While we await the return of Horse racing in South Africa, there is still top class action overseas. Read on for The Punter’s Overview of Hong Kong Horse Racing.
I had a bit of fun together with members of The Punter’s SA Horse Racing Tips this weekend.
We’re all eagerly awaiting SA Horse Racing to resume on 1 May (hopefully), and existing clients have their tips memberships paused in the meantime.
I don’t normally play Hong Kong Horse Racing, but racing behind closed doors is working well over there. And this weekend’s Grade 1 action was just too irresistible to ignore!
So I shared some free Sha Tin Tips with clients, and as it turns out, we delivered a big strike on the day! In total, 3 out of 3 Outsiders arrived, including a 20-1 winner and 2 places.
In this blog, I’ll explain my form study methods to find outsiders in Hong Kong. I’ll also share some general tips on how to bet on Hong Kong Horse Racing.
How to Bet on Hong Kong Horse Racing
Let’s start with the basics. You’re sitting in South Africa with an online betting account and want to have a bet. What do you do?
Here’s some pointers:
- They race twice a week in Hong Kong. The Happy Valley night meetings run on Wednesdays (around noon SA time). Sha Tin race meetings run mostly on Sundays (first race around 6.30am, PA off around 8am). There are occasional Saturday and Wednesday meetings at Sha Tin. The track, much like Greyville, has both a grass and an all-weather course.
- Download a free Hong Kong Race Card on the Jockey Club’s website. This is an extremely high quality race card, with lots of helpful statistics. The first version of a race card is normally available 3 days ahead of a race meeting.
- Race day is well covered on Tellytrack with overseas presenting. There’s plenty of time for discussion and canter downs with SA racing still on break.
- Our local tote and bookies offer selected exotics bets on Hong Kong racing. The Place Accumulator is normally the last 7 races. The Bipot is mostly the last 6 races (sometimes the first 6), and the Jackpot is the last 4 races. Quartets are normally offered from Race 4 or 5 onwards, and you can also play Trifectas in these races. Quinellas (exactas), Swingers and Straight Bets are normally available for all races.
- Full Betting goes up on SA websites from late in the evening before a race meeting. Or set an early alarm if you’re not a night owl!
That covers the basics of how to actually get a bet on in Hong Kong. Now for some interesting facts on how Hong Kong racing differs from SA Horse Racing.
Hong Kong Horse Racing Overview
Hong Kong is an island off the coast of mainland China. They have a very unique and successful racing industry.
Millions of dollars in stakes are regularly up for grabs. The trainer and jockey ranks also have strong international influence from South Africa, Australia, UK and Europe.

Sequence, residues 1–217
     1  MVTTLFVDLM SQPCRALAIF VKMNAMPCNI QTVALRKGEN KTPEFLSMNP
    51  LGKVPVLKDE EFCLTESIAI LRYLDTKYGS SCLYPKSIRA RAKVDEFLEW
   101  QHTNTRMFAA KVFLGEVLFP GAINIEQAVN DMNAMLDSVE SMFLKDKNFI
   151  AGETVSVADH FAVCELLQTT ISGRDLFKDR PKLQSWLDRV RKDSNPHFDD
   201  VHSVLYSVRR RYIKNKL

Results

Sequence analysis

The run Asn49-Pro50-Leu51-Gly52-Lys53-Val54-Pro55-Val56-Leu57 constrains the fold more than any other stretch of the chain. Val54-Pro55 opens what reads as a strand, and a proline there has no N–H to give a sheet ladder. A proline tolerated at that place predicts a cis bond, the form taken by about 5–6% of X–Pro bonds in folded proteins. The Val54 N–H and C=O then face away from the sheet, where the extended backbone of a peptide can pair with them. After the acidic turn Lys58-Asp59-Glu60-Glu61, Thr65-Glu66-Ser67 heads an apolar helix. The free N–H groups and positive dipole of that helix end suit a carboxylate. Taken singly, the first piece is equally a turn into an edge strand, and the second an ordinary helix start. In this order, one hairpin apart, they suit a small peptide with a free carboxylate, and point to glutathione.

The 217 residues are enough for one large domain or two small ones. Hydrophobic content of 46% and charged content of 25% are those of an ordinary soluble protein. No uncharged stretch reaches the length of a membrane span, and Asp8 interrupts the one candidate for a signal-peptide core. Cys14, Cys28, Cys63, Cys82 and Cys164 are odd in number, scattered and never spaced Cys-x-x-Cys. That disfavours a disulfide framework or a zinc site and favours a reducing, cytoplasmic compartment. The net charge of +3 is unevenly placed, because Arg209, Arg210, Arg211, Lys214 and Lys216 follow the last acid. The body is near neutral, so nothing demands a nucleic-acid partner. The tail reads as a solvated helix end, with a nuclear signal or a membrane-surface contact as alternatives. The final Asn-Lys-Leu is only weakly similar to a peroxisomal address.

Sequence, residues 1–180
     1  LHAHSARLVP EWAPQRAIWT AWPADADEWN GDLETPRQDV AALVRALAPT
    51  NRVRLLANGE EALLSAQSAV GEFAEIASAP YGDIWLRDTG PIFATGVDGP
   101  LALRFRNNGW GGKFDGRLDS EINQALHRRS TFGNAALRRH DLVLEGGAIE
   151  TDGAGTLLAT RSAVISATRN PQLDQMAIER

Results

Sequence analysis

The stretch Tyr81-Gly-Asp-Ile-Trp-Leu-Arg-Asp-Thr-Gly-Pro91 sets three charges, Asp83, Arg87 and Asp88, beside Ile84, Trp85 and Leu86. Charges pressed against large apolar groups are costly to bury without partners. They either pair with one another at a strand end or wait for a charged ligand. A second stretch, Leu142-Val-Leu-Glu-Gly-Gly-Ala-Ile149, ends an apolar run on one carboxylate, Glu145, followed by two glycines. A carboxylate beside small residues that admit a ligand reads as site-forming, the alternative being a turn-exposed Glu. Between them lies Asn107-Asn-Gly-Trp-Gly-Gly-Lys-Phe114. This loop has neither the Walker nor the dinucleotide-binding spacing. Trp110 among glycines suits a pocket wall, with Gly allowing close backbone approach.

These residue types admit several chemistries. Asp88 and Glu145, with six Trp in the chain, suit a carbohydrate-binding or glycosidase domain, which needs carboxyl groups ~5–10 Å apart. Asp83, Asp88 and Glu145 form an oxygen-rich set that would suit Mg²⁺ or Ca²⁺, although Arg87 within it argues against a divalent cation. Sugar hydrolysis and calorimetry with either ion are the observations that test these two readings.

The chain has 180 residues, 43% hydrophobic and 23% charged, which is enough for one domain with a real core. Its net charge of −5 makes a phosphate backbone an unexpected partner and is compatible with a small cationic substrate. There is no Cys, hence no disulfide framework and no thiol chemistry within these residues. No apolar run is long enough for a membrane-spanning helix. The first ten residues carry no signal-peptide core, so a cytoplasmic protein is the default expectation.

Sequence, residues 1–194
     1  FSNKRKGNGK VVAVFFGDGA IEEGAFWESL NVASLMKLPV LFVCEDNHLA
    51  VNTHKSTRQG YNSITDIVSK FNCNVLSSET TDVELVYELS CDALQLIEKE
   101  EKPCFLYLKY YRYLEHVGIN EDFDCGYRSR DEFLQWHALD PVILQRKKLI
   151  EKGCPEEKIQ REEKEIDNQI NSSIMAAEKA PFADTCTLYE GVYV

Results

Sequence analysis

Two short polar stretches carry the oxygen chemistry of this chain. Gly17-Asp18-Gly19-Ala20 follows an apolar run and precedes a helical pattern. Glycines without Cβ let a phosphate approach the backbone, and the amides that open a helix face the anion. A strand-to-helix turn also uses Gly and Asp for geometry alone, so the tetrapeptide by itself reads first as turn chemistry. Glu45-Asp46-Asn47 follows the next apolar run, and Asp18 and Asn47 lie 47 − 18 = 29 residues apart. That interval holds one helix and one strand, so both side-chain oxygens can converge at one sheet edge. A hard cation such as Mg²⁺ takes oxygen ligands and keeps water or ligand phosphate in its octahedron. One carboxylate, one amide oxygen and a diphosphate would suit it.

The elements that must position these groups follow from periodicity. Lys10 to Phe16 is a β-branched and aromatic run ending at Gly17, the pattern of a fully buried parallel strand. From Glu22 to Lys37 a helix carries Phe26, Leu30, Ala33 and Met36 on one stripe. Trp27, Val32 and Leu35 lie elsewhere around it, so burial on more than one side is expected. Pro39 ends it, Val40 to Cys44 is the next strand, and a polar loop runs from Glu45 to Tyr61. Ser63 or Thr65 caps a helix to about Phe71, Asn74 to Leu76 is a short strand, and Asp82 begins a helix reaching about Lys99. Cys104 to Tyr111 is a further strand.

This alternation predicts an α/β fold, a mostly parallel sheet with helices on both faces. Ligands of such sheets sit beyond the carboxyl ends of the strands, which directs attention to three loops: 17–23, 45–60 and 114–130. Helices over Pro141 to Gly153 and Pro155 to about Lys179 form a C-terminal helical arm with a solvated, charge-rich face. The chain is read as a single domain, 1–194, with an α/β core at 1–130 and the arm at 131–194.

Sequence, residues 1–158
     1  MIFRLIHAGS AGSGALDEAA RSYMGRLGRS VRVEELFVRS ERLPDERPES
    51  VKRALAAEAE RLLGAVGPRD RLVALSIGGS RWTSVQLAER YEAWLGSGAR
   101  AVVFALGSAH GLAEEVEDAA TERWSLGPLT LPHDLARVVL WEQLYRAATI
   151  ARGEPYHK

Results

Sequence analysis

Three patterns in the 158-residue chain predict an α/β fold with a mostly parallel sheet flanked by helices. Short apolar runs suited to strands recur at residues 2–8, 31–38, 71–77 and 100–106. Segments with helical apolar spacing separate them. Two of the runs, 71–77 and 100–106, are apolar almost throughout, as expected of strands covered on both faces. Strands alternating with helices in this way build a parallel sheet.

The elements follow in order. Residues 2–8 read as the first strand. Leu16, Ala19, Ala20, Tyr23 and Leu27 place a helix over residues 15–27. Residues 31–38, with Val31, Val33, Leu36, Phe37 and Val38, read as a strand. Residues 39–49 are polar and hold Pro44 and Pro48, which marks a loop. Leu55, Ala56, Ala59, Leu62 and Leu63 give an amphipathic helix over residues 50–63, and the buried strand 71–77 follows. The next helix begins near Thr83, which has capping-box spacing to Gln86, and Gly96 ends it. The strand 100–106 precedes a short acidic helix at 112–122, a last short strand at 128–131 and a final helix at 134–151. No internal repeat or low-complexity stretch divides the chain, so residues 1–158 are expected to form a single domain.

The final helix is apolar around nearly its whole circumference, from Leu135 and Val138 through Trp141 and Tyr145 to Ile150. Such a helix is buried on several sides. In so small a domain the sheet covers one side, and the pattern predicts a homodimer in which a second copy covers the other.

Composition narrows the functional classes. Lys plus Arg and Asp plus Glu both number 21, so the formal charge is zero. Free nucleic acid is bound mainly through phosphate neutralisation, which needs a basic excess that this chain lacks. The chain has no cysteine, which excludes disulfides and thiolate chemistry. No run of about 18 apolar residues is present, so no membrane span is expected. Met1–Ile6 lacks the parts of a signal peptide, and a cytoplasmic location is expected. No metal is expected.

Here’s some important things you may not know about Hong Kong racing:
- Almost all the horses are male: Since the island is too small for a local breeding industry. Racing is therefore dominated by Male horses.
- There are barely any maiden plates and no juvenile races: 100% of the horses in Hong Kong are imported. They’re generally bought ready to run and earn Hong Kong dollars. Unraced horses imported to Hong Kong may compete in the odd “Griffin” race, but there are not many of these.
- 3 year olds compete in older company: There are no restricted races for 3-year-olds. Even maiden 3 year olds may race against older horses. This can be a tough task for average horses that lack experience, especially over further distances.
- Horses are in their prime between 4 – 7 years old: In SA, I regard 3 – 4 years old as being in their prime. Horses tend to start their careers later in Hong Kong. As a result, 5 year-olds have far more regular success. Sometimes horses only start reaching peak earning ability at this age or even later, after having raced for a couple seasons already.
- Merit Ratings are easy to understand: Horses are allocated a rating of 1 – 105+ and compete in class levels. Class 5 races are for horses in the <40 range, Class 4 is the 40 – 60 range, Class 3 is 60 – 80, Class 2 is 80 – 105, and Class 1 is 100+. In Grade 1 races, 4 year olds and upwards tend to race at level weights.
- Racing uses the metric system, except for weights: Thank goodness they use metres and lengths to measure racing performances! Unfortunately the weights are still in pounds. It’s easy enough though to see which horses have heavy and light mass. To get an idea of weight in kilograms, you can just multiply the number by 0.45.
- Most races at Sha Tin have 4 (bookie) places: Always useful for the all-to-come player. The maximum field size is 14 runners at Hong Kong’s Sha Tin track. This gives you 4 places on the books for most Class 2 – 5 races.